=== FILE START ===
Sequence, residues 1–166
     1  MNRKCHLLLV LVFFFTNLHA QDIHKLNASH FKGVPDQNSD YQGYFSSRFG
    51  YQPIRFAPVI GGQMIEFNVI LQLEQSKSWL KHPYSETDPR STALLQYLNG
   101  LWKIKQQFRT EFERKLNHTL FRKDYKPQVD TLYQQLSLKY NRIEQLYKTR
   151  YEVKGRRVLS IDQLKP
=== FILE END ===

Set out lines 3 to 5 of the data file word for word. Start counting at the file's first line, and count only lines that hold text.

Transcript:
    51  YQPIRFAPVI GGQMIEFNVI LQLEQSKSWL KHPYSETDPR STALLQYLNG
   101  LWKIKQQFRT EFERKLNHTL FRKDYKPQVD TLYQQLSLKY NRIEQLYKTR
   151  YEVKGRRVLS IDQLKP